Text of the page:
The usage you question is definitely a usage that is frequently criticized. "Grammar Girl" Mignon Fogarty writes:
most grammar sources I checked (2, 3, 4) agree that ‘is comprised of’ is an incorrect phrase.
She cites many of the usual suspects in schoolmarm-style prescriptive rules of this sort: Garner's Modern American Usage, Bryson’s Dictionary for Writers and Editors, and Walraff’s Word Court. Strunk and White weigh in equally stridently:
Literally, "embrace": A zoo comprises mammals, reptiles, and birds (because it "embraces," or includes them). But animals do not comprise ("embrace") a zoo—they constitute a zoo.
The Corpus of Contemporary American English has hundreds of examples of “is comprised of”, mostly in academic writing. Despite being labeled as “an incorrect phrase”, the usage shows up frequently, and grew in popularity throughout the 20th century.
Dictionaries have usage notes indicating that this usage is criticized, but they tend to be more descriptive, and list “compose” as a sense for “comprise,” as does American Heritage and Merriam-Webster. American Heritage notes that opposition to the usage has abated in their usage panel between the 1960s and 1996.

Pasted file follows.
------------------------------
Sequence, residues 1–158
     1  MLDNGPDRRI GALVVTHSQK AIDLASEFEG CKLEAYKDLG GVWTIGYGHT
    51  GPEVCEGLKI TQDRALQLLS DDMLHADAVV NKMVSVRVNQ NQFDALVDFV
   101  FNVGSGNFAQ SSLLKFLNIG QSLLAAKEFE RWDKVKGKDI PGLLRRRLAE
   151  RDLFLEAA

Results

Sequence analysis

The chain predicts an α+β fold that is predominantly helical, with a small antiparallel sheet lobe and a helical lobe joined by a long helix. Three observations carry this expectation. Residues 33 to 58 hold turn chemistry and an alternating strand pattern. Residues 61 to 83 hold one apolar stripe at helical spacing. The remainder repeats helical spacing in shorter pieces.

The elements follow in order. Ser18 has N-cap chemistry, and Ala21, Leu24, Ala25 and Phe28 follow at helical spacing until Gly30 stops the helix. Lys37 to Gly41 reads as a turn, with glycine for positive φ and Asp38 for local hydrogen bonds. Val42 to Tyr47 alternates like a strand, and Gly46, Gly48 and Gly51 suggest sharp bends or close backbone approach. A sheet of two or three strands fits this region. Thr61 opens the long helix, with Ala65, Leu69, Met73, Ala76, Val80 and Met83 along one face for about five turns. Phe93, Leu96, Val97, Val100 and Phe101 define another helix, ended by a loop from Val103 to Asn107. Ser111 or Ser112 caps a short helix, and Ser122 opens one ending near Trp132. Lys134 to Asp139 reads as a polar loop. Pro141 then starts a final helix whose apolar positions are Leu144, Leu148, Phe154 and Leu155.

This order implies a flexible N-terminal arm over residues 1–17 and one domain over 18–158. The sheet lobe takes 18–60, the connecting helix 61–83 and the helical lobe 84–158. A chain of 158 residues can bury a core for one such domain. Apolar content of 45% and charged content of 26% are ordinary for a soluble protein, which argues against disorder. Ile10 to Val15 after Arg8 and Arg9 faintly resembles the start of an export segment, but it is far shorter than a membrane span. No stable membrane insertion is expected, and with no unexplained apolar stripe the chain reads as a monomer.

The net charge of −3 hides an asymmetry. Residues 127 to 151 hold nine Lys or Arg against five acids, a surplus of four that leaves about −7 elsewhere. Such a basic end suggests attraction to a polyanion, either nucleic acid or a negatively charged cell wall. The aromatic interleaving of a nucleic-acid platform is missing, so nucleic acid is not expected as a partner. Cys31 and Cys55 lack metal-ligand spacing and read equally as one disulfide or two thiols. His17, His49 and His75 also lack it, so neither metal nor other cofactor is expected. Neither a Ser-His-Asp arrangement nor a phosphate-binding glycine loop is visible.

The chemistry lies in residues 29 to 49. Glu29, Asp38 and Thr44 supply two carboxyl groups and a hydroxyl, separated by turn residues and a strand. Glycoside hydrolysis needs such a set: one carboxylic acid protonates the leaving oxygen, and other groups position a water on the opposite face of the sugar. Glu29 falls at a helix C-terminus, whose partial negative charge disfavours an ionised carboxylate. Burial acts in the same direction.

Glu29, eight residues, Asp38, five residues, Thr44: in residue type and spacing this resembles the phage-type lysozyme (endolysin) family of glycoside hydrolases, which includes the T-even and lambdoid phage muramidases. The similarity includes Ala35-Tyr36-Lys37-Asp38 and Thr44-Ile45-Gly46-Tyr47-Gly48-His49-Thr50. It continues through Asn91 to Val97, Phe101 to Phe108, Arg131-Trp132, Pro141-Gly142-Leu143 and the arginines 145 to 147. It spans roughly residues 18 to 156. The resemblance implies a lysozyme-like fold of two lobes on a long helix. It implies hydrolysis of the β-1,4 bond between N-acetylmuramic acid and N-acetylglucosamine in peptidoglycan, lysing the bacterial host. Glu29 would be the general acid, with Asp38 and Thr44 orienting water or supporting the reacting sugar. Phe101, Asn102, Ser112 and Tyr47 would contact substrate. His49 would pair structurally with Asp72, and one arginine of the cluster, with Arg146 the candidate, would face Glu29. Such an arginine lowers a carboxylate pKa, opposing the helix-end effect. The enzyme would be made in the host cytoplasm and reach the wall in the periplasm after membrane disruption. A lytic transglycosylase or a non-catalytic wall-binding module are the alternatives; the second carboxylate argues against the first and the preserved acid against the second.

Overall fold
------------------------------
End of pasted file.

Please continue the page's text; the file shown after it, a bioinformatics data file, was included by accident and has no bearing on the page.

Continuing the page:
The Merriam-Webster Dictionary of English Usage has a very extensive entry detailing the history of this usage rule. They were only able to antedate the rule to 1903, which if you look at the Google Ngram for “is comprised of”, is right about when the usage started to take off.
Generally speaking, it does not seem that the continuous tide of criticism of this usage
has slowed its growth. If we compare relative use of passive constructions of “composed” and “comprised”, we see that this disputed usage is rapidly approaching parity of usage with the recommended replacement:
It does appear that the new sense of “comprise” is an inexorable change in the language. Whether or not you want to use is up to you—now that you know it is frequently criticized you may want to avoid it if you want to avoid being criticized.